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Sign theft begins as campaign heats up

David Adlerstein
The Apalachicola Times

It is not unusual for candidates’ signs to be stolen, or wrongly placed on public property, during a highly energized presidential election year.

But it’s started early in robust fashion this time.

A Biden 2020 sign stands on state-owned property on St. George Island, apparently vandalized.

The county’s Democratic Party has reported that as of July 21, 72 “Biden for President 2020" and "Panhandle for Biden 2020" signs that were distributed from Carrabelle west to Port St. Joe, including on St. George Island and along U.S. 98, had been swiped.

Carol Barfield, chair of the county’s Democratic Executive Committee, said the signs were placed by volunteers both at private homes and on public land between July 17 and 21.

“After the initial signs were stolen on St. George Island, Carrabelle and US 98, an additional 15 were redistributed to home owners and were also stolen,” said Barfield, noting the thefts were reported to Lt. Ryan Sandoval of the Franklin County sheriff’s office.

“Any information regarding the names of the thieves should be reported to him,” said Barfield, noting the total loss is over $500.

There also have been reports of signs that tout the Republicans’ Trump/Pence ticket having been stolen.

“Each year we get calls from different candidates that their signs are missing,” said Supervisor of Elections Heather Riley, who is not affiliated with either party and who is unopposed in her bid for another four-year term.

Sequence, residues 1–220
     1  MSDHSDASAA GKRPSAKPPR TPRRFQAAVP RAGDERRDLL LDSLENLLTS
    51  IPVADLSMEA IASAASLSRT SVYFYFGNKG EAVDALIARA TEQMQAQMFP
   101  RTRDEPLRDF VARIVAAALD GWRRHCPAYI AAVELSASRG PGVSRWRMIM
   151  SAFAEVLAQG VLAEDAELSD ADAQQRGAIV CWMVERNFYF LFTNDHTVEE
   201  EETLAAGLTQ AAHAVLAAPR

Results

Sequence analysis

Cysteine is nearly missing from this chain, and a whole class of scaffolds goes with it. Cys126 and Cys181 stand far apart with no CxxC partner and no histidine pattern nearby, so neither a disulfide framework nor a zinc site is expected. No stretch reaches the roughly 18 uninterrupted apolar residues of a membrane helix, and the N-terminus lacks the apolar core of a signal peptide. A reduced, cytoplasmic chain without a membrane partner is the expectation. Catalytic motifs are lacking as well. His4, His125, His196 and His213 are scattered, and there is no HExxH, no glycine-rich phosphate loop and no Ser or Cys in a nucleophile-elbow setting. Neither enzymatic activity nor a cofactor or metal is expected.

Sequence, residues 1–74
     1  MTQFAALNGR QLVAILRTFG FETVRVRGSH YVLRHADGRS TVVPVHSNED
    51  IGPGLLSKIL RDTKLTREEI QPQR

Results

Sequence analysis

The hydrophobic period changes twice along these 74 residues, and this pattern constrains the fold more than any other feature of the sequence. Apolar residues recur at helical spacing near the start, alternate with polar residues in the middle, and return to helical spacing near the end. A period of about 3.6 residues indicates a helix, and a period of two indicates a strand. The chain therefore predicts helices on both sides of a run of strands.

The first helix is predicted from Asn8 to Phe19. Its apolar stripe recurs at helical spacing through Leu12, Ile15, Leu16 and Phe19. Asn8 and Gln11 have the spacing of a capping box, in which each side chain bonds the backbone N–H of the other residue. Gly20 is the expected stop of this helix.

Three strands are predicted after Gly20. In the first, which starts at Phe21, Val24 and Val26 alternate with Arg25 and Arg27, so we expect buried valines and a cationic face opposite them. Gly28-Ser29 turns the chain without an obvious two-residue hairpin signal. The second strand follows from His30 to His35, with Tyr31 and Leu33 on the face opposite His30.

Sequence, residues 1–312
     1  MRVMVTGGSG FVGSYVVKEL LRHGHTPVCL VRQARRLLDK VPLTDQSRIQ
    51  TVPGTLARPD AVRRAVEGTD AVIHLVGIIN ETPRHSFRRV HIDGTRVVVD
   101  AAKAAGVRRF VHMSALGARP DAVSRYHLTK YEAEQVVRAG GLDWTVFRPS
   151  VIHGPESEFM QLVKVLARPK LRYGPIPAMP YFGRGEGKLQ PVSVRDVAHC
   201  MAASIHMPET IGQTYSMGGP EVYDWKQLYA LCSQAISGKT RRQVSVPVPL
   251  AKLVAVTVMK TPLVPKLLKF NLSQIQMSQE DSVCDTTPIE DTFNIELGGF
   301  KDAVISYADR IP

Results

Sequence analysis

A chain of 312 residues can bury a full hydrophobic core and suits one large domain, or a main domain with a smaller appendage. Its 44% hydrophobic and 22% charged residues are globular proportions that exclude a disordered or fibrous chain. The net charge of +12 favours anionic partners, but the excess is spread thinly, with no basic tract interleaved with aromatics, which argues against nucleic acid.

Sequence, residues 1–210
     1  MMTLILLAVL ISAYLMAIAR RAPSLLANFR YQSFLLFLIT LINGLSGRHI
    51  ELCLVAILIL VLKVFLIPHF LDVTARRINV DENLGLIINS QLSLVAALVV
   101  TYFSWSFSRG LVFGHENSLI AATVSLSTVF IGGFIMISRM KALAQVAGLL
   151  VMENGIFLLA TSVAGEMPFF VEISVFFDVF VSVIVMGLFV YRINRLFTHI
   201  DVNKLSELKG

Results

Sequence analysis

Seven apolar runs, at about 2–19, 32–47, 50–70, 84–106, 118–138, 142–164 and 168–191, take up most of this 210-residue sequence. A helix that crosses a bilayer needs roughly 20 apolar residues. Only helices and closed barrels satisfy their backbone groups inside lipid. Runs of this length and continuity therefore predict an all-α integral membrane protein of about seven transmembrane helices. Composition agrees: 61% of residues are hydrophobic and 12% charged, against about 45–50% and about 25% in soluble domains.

“It’s normal each election to be getting calls about signs being stolen or vandalized,” she said.

Riley said such thievery or vandalism is a civil matter, and should be reported to law enforcement. “The election office is not the candidate police,” she said.

In the event someone believes a specific candidate or campaign is behind the theft or vandalism, a complaint can be made to Maria Matthews, director of the Division of Elections in the Florida Department of State office; or to the Florida Commission on Ethics.

On Tuesday, the Florida Department of Transportation issued a press release as a reminder that state law, specifically Section 479.11(8) of the Florida Statutes, prohibits political signs on state right of way.

It reads that no signs “shall be erected, used, operated, or maintained” on the right of way of any state highway.

“The roadway right of way includes the roadway surface, concrete or grassy median, intersections, entrance and exit ramps, and a strip of land, usually bordering either side of the road, which is reserved for shoulders, drainage ditches, sidewalks, traffic signs/signals, fencing, electrical traffic signal control boxes, utility lines and future road expansion,” reads the release.

“Improperly located signs on state right of way pose a traffic safety hazard that can distract motorists or block their view, endanger the safety of individuals who are erecting signs along busy highways and present obstacles to crews who maintain roadways,” the release concludes.